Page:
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BOB HIRSHON (host):
How to look like a dog…I’m Bob Hirshon and this is Science Update.
Many people treat their dogs like members of the family. Now, there’s evidence that through thousands of years of co-habitation with us, they’ve developed some of the same social skills as human infants. Behavioral biologist Adam Miklósi and his colleagues at Eötvös University in Hungary outfitted dogs with eye-tracking devices. Then they had the canines watch videos of people turning their heads to look to at objects to their right or to their left. They found that the dogs only followed the direction of the movement with their eyes if the people in the videos greeted them verbally and made eye contact first. But if the people looked down and spoke in a neutral tone of voice, the dogs ignored the movement.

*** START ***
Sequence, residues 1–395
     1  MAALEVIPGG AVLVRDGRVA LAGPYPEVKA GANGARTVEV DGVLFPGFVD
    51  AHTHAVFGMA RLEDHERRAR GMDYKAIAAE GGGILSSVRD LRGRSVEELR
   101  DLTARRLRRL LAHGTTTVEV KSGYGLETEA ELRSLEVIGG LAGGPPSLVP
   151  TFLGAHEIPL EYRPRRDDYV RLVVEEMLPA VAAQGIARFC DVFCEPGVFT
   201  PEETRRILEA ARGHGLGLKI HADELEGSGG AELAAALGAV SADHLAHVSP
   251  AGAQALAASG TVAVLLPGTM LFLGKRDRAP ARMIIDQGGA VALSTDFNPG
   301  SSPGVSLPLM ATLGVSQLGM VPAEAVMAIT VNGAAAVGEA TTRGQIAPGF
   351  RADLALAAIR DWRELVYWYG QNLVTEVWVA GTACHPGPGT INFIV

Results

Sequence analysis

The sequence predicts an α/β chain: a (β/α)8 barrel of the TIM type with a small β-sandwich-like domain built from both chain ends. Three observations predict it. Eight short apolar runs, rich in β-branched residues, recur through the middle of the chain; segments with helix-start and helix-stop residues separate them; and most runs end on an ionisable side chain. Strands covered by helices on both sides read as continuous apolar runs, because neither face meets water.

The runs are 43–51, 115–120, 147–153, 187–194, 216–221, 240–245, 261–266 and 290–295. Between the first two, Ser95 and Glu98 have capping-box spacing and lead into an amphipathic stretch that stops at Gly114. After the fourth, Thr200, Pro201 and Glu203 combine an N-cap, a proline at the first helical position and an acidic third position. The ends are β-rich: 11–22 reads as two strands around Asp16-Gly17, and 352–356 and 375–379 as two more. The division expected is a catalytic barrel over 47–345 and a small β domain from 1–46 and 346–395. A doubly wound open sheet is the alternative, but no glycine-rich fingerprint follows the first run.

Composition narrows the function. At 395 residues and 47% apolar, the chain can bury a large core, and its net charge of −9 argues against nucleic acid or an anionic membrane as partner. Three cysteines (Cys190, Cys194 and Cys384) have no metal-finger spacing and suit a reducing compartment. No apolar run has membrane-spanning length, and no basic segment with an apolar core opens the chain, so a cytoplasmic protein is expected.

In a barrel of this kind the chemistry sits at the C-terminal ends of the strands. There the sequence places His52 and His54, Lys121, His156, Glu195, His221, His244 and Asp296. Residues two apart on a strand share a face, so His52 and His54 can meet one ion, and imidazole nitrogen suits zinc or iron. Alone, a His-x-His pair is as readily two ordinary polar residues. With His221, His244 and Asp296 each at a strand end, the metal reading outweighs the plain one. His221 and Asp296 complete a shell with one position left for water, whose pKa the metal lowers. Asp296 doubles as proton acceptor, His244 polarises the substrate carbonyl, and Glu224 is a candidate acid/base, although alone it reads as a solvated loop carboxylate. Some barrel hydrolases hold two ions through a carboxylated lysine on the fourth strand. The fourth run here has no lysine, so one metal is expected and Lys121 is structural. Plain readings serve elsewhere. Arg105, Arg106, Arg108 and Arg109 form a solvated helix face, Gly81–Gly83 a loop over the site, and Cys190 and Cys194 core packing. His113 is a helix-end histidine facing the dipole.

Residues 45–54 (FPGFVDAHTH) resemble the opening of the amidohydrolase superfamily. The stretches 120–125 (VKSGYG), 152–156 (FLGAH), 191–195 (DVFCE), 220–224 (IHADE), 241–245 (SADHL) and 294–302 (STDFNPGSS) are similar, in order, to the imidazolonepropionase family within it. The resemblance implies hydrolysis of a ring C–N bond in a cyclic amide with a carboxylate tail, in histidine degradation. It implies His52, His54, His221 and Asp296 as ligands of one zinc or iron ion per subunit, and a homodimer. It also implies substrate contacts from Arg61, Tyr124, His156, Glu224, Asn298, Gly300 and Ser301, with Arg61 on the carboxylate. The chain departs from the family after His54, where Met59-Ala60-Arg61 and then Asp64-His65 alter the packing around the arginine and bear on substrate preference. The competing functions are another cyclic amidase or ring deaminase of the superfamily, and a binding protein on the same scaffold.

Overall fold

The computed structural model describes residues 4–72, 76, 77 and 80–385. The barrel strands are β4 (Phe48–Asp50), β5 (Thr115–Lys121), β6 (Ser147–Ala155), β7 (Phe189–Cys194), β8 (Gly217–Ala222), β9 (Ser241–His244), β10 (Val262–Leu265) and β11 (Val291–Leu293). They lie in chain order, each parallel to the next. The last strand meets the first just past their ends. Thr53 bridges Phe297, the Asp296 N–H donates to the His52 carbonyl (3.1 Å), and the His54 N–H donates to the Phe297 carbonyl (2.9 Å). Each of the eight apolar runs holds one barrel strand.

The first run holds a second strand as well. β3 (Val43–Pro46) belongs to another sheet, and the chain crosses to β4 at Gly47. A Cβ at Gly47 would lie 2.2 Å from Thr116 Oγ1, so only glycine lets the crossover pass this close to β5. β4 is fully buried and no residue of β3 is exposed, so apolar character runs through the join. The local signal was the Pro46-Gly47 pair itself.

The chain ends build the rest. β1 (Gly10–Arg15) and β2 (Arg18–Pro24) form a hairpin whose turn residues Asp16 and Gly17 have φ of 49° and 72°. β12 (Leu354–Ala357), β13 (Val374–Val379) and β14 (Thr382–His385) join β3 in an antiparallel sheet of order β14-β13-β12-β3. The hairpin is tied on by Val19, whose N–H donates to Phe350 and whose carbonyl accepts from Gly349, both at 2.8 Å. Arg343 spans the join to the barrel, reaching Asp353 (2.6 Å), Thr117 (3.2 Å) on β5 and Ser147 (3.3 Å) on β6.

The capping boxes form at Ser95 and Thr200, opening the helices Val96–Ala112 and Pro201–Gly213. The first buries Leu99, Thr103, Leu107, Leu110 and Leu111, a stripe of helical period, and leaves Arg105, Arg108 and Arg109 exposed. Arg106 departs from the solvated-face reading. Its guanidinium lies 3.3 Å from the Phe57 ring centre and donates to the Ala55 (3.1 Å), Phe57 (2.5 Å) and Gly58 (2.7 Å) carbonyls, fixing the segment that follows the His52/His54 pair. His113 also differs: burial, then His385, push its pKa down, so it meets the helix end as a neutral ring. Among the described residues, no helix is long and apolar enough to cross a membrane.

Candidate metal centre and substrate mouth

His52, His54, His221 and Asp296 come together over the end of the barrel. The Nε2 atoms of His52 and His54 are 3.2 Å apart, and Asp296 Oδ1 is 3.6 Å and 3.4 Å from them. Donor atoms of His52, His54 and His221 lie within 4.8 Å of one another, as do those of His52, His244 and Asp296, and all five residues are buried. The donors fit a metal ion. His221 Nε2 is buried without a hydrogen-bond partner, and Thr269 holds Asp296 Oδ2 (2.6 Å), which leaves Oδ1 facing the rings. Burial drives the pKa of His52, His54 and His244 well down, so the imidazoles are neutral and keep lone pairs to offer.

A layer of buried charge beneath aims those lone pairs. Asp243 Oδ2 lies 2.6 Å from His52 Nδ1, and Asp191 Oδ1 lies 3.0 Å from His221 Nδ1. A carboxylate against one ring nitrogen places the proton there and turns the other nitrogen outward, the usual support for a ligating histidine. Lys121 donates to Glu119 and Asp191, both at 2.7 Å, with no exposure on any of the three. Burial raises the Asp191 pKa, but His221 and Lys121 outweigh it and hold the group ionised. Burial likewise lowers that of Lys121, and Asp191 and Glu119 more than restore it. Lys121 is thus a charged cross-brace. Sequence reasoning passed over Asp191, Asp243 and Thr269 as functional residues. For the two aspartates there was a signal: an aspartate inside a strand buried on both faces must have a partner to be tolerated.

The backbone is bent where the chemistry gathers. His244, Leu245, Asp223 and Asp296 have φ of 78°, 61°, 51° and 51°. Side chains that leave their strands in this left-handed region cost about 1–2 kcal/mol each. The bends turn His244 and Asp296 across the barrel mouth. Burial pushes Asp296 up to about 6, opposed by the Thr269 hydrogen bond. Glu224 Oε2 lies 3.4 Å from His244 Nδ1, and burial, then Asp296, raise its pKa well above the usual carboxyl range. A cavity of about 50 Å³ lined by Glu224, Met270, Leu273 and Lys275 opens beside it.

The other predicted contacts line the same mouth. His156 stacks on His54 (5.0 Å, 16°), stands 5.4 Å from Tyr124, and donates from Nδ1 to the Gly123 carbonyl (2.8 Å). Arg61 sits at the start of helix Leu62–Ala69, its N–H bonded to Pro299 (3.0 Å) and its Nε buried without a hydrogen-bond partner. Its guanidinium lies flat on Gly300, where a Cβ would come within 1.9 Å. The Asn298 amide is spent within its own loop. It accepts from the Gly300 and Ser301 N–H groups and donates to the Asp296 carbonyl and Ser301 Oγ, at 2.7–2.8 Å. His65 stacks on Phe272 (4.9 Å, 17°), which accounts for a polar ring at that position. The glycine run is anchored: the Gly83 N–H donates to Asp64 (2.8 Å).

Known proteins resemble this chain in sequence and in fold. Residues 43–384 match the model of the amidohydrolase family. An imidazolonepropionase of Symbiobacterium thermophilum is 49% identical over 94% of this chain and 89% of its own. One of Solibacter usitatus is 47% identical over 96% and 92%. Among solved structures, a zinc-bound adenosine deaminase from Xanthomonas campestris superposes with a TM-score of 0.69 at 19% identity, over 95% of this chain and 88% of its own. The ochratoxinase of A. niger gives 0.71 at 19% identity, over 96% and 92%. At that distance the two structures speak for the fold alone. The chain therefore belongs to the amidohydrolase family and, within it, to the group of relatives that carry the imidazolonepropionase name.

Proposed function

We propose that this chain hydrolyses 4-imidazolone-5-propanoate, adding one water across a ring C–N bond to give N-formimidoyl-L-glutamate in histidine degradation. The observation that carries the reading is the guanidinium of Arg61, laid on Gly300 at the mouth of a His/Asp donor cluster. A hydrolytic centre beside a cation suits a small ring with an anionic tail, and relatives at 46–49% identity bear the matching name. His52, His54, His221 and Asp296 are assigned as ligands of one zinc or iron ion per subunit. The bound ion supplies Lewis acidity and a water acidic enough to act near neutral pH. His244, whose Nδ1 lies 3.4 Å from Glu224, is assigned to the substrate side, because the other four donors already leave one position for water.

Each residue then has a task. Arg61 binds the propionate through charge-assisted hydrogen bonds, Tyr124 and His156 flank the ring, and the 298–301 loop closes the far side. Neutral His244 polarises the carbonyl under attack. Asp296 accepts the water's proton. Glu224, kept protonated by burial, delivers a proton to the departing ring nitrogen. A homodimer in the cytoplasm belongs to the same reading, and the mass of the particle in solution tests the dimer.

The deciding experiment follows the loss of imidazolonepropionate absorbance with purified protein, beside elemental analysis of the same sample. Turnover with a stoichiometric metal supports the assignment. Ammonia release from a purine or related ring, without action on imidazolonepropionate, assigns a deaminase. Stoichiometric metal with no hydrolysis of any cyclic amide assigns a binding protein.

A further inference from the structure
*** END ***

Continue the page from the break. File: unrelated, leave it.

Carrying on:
ADAM MIKLÓSI (Eötvös University, Budapest):
Dogs followed the action of the human only if this was preceded by this communicative interaction.
He says human infants do the same thing, and the study highlights the importance of communication in the relationship between humans and dogs. I’m Bob Hirshon, for AAAS, the science society.